Something’s been plaguing me for the past month. It has not been intermittent or fleeting. And it’s been haunting me, with progression, throughout my waking hours, quietly rapping on the windows, tugging gently on my sleeve, and softly beckoning my attention. I turned my head from it. Turned my back. Tried not to listen, not to look. But it’s only grown louder and more frightening, banging in my ears and echoing in my head like a scream into a canyon.
And yesterday, I could ignore it no longer. The pot boiled over.
Memories have been accosting me, sliding slyly over me like moonlit shadows, strangling my breath and infecting my mind, transporting me far from the here and the now. All month. Mostly in the car.
And there have been tears. Man, have there been tears.
Funny thing is, they’re all good memories.
Scenes flash before me – a highlight reel, if you will – from over fifteen years ago, at the impetus of a song, a scent, a single word. And I go silent, shake my head, get lost in my thoughts.
The first few riffs of Everything Zen jar me immediately back to walking, on what we called The Boulevard, a long, flat path for bikers, families, and pets. Walking, walking, walking, at age sixteen, in racing-striped pants and white and navy Nikes, daydreaming desperately about getting married, welcoming my first child, having the freedom to just get out, the urgent fire of hope glowing white-hot inside me.
And then there was my first love. My first love, without whom I would not be the person I am today, the person who opened my eyes to, well, mainly everything, the person who, to this day, made the deepest, most easily discernible impression on my heart.
We spent four years together. Almost an eternity. But the early memories fill my throat (and eyes) the most quickly, I would imagine, due to the love chemicals, adrenaline, and, well, vodka. And I will never forget him. Ever.
He drove a Cougar. And he smoked Newports. And a significant death in his family led to his dropping out of high school immediately before graduation. When we met, I couldn’t stand him. I couldn’t get away from him quickly enough. I didn’t like the way he looked, the way he talked, his car, cigarettes, or his cockiness. He repulsed me.
And just like most dime-a-dozen love stories, we fell. Hard.
He was “dangerous”, but not to the point of real harm. He was cocky, but not to a point of distaste. He was free. He pushed limits. He drove too fast, he was self-indulgent, and he emerged from every situation better off than when he entered. His emotions ran deep. And he expressed them. He was everything I wasn’t aware I was inside. And he taught me how to love. He became beautiful to me.
We used to take drives on warm summer nights with the windows down, Rage Against the Machine cutting swiftly through the silence. He drove fast, clinging precariously to the curves of the back roads. He plucked at each straining, tired finger, helping me let go of the entire world onto which I was so vainly and helplessly hanging. He showed me what it felt like to be alive. I can still see the full moon out his window, feel the warm, humid wind in my hair, my heartbeat accelerating with each turn, the intoxication of a million blooming roses, the scent of his hair.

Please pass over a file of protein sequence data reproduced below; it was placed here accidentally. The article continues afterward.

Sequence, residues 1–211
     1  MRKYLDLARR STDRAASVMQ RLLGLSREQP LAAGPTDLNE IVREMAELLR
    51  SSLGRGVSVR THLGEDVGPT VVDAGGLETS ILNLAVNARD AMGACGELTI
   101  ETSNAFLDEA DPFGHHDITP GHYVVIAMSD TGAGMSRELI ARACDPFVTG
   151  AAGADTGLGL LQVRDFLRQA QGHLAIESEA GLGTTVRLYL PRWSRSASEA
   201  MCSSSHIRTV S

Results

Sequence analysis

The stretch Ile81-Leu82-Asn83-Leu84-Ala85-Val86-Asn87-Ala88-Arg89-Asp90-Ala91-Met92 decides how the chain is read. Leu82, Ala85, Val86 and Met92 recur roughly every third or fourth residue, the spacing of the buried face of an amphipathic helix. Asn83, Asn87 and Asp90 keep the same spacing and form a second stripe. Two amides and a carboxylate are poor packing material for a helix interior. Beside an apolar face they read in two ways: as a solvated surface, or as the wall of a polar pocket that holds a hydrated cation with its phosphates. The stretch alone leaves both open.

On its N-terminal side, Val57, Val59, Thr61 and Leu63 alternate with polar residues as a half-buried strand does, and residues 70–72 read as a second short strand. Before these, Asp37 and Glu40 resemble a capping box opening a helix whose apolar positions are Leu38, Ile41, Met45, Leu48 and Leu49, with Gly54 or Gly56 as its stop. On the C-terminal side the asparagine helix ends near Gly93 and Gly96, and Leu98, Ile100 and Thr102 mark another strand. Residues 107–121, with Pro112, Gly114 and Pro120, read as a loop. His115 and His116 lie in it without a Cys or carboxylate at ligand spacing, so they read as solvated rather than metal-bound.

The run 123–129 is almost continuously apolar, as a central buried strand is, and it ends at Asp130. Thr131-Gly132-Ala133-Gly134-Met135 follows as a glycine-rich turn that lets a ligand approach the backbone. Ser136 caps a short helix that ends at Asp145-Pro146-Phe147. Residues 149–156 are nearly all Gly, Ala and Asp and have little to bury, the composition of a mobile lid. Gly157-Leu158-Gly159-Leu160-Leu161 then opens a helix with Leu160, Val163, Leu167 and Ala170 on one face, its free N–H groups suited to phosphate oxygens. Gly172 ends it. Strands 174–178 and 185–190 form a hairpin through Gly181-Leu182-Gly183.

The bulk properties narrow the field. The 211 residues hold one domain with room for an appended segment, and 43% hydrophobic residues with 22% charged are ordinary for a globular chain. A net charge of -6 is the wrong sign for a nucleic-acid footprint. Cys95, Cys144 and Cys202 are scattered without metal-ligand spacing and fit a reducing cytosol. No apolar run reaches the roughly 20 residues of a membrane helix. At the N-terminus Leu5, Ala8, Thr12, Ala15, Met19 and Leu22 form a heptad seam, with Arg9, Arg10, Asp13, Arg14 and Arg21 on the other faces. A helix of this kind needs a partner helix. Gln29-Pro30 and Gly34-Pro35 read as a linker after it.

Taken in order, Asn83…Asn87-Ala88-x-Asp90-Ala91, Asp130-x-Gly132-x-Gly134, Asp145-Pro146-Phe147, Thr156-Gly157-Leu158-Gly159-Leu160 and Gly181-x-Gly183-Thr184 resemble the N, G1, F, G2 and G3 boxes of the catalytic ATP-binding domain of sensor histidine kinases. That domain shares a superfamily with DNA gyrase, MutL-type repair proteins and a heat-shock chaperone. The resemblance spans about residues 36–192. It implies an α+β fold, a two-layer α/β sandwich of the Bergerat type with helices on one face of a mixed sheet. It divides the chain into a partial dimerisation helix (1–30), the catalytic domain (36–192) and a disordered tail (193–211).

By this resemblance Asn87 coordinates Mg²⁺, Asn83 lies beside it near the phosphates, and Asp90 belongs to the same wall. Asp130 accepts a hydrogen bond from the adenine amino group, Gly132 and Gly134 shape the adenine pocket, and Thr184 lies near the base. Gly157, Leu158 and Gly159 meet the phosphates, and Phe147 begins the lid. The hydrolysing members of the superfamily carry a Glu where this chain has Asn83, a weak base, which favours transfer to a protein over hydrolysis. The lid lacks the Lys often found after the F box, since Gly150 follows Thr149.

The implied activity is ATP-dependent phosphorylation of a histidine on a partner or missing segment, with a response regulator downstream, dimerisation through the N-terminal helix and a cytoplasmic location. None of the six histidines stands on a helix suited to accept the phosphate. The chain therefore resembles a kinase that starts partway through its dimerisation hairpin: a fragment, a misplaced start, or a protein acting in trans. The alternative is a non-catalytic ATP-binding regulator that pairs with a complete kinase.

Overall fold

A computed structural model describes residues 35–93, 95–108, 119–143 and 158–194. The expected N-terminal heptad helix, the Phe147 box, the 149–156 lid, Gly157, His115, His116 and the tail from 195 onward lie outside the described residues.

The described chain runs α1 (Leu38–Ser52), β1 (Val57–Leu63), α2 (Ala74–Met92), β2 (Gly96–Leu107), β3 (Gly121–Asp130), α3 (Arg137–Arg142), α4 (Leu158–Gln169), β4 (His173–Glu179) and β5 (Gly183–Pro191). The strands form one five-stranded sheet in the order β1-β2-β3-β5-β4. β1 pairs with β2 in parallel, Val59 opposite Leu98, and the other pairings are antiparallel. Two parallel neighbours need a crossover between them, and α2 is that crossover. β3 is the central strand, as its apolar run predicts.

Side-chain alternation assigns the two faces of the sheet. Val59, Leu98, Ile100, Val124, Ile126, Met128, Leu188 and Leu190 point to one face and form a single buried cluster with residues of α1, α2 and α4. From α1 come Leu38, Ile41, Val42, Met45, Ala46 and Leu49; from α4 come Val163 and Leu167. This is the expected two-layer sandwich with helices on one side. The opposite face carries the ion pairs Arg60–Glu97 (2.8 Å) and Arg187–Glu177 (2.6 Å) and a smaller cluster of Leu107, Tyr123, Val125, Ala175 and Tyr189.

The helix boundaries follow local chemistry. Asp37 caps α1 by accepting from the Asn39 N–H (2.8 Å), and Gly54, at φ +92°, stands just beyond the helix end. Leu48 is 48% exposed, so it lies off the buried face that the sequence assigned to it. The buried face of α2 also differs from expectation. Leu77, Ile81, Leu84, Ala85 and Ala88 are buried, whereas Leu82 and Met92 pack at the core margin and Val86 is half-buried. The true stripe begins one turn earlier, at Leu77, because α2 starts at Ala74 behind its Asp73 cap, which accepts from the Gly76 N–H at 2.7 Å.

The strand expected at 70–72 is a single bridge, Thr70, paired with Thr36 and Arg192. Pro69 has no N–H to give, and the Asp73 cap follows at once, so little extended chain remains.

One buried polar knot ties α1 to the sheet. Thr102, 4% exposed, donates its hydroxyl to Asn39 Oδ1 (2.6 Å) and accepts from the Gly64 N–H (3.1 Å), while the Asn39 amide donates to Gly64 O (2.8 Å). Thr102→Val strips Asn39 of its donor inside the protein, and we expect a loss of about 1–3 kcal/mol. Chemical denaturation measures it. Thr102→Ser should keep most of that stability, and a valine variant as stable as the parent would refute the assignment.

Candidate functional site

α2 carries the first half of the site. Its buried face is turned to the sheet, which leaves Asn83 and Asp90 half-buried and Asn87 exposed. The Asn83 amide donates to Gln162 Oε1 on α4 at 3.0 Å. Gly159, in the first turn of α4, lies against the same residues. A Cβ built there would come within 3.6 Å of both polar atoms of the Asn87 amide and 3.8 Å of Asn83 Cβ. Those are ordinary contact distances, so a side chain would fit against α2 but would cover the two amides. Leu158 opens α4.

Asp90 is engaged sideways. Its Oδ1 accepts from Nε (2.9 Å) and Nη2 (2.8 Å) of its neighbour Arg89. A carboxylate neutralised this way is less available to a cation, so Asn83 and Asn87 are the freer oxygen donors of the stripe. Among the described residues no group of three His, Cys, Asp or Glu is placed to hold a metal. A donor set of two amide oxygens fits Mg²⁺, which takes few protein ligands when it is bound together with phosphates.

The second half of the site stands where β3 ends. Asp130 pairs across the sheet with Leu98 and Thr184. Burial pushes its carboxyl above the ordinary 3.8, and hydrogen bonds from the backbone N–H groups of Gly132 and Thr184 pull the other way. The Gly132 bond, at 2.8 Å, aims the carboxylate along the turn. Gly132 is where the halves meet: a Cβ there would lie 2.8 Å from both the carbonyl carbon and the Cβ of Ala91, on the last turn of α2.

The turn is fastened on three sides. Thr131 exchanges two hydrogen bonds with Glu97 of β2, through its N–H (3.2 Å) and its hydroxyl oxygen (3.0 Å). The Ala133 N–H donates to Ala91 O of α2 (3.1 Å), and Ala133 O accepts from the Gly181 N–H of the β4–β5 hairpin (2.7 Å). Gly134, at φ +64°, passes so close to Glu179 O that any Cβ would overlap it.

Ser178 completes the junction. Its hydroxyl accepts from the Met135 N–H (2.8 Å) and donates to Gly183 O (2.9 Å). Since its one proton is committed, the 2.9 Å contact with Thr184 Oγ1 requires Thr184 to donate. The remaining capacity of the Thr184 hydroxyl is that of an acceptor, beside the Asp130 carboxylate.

I think about those drives often.
And then, just like that, there I am, in jeans that were clearly too tight, shoes that were too high, and my shirt unbuttoned a bit too far, at the eighteen-plus warehouse-turned-nightclub, strobe lights and manufactured fog assaulting my senses, the bass lines of The Beastie Boys pounding straight through me, laughing loudly with friends, drinking Kahlua Sombreros. And he was there. He was always there. Guiding. Teaching. Protecting.
These few memories, among so many others, are seared so deeply in my mind, I’ll don’t think I will ever forget. And the strength of our bond, I hope never to forget, either. And who says I have to?
We didn’t have a song. We had all of them. We didn’t have a restaurant. They were all ours, too. But we weren’t long for this world. We weren’t meant to be. I firmly believe, though, he was placed in my path to teach me more lessons than I would have learned in a lifetime, and for that, there’s no measure of gratitude I can express.
I smile a silent smile whenever I hear Meet Virginia by Train. In our conversations that went on, literally, for years after we ended our relationship, he confided that was his song for me. I can only hope that he does the same.
My tears? They fall now because I know I’ll never make memories this strong again. Neither the timing nor the chemistry will ever be the same. Besides, it’s hard to dream when living with the constant preoccupation of keeping my children safe, fed, and happy, wondering if the hornet spray we bought will be harmful to them, paying the bills, wiping the noses, and being the oil to the gears of my family.
So, I guess I’m holding onto the world again, with both hands, keeping it from bouncing over my children and my husband, keeping its immeasurable weight from rolling over me. But at least I tasted the sweet nectar of complete freedom. And was fortunate enough to experience unbridled love.
I may shed a few more tears before this is through. Or many more over the next several years. Though bittersweet, the experience helped to make me whole, something I feared I’d never be. And because I am whole, I possess the tools to raise my children as such. And just feeling that, knowing that, may always have the power bring me to my knees.